Attacks of this nature are fast becoming a fad in Europe. In 2014 for instance, a man drove a van into Christmas market in the French city of Nantes, leaving 10 shoppers injured.
The offender was reported to have stabbed himself thus making the officials believe he was not mentally stable.
And on the preceding Sunday of same year, another driver reported to have shouted ‘Allahu Akbar’ rammed his vehicle into pedestrians in Djon, injuring 13 people. He was also said to have history of mental imbalance. Similarly, just a day before –Saturday- the police in Tours, gunned down a man who was said to have chanted same after attacking them. In all, three attacks in France in 2014.
Also, the triple coordinated March 2016 suicide bombing attacks in Brussels, Belgium can’t be forgotten in a hurry. Two of the bombings occurred at Brussels airport, and the other at Maalbeek train station. The incident left 32 civilians dead and three perpetrators killed, with over 300 people injured. The Islamic State of Iraq and Levant were fingered. The bombings were the deadliest act of terrorism in Belgium’s history, so much that government had to declare a three-day national mourning.
And just as recent as June this year, a man, simply identified as MG, tried launching a “terrorist” attack on the the United States of American Embassy in Belgium. And following a tip-off, the man was arrested by the police.
For the record, Brussels hosts the headquarters of the European Union as well as the North Atlantic Treaty Organization (NATO) military alliance comprising some 29 North American and European countries.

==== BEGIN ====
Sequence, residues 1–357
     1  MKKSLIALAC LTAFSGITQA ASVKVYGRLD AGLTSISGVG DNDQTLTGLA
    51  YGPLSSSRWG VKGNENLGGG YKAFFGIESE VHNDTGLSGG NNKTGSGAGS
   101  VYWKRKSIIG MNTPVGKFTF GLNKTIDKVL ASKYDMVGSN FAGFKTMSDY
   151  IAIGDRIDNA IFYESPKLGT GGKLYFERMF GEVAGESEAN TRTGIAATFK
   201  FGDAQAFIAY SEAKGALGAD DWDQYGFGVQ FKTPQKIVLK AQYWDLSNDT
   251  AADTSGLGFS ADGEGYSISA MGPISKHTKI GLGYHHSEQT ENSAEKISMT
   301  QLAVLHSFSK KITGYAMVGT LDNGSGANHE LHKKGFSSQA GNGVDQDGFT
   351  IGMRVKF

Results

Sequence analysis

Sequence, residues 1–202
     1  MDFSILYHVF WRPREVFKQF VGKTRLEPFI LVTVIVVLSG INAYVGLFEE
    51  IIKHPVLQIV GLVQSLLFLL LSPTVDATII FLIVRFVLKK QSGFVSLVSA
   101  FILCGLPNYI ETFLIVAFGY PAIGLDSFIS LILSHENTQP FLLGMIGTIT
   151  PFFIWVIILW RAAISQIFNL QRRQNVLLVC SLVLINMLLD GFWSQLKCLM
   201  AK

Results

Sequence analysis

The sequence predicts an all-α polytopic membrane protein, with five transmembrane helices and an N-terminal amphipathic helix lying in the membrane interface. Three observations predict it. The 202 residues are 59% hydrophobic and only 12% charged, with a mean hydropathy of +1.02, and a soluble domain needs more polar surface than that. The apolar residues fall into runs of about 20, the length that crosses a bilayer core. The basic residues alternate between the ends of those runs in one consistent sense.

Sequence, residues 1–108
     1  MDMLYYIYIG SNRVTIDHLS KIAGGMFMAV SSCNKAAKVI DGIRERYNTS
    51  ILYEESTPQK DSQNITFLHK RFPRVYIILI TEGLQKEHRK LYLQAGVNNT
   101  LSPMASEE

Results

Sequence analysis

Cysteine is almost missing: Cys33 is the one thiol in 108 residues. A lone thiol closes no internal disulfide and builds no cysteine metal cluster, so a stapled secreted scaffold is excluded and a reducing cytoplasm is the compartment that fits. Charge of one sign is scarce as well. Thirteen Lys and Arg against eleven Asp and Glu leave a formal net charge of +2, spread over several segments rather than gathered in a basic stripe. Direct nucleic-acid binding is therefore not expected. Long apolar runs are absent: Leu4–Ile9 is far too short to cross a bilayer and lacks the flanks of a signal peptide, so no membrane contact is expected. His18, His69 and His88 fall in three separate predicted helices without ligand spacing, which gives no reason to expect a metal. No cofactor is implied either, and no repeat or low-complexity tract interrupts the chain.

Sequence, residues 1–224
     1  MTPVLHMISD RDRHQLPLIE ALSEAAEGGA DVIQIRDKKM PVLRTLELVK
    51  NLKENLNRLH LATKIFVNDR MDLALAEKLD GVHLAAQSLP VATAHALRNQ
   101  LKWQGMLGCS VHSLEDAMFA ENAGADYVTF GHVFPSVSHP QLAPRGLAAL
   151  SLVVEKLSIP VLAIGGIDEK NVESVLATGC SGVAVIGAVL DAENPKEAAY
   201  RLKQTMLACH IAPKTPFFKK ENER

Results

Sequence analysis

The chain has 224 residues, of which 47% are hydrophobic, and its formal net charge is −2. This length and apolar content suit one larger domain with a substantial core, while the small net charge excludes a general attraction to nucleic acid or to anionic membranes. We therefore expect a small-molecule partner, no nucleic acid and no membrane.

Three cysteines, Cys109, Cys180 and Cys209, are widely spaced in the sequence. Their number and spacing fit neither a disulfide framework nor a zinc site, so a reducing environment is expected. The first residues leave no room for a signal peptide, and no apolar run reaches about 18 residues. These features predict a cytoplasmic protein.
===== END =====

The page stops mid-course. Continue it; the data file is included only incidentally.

It is believed that the country, consciously or otherwise, also plays or played host to several extremists involved in other attacks around the world. These two combined to explain why Brussels has remained an object of attack.
Well, I think this just goes to tell us that the various security challenges around the world are not limited to Nigeria, and, indeed, the entire Africa. While Germany battles anti-Semitism and the likes, we are also faced with our own Boko Haram challenge. While the EU and NATO will show some level of concerns for Africa, it will be foolhardy to assume and think they would abdicate the responsibility of ensuring peace at their various homes and focus on situation elsewhere. We can be sure that other than any other thing, economic factor will always play a prominent role in deciding where they go and what to do.
Without denigrating human lives as insignificant, the reactions by Merkel and other leaders in Europe is one lesson our country must factor in. Their reactions and response inspired confidence in people. We must act fast to ensure the ceaseless killings are quickly nipped in the bud and the dead treated with dignity.
Outgoing European Commission President Jean-Claude Juncker said the EU must work together as bloc to address anti-Semitism, stressing that the rise in anti-Semitic attacks “must be a call to action for all Europeans.”
The rapidity of the attacks (real or imagined), without being told, is increasingly bogging down our benefactors. Let’s be thinking out of the box and raise the bar of good governance which I believe is the first major step towards solving our security challenges. That, in my view, is the surest home-grown solution to Boko Haram and all manner of security challenges we all are facing as a continent.
By doing that, it is my candid view the Boko Haram saga, and the myriad of related security brouhaha will certainly be reduced to the barest minimum. Am I right?
The fate of Kurds in northern Syria, Iraq and lower parts of Turkey is one lesson African leaders must not hesitate to learn. Just last week, Turkey moved against them and America backed out.This could also be our lot! I pray not.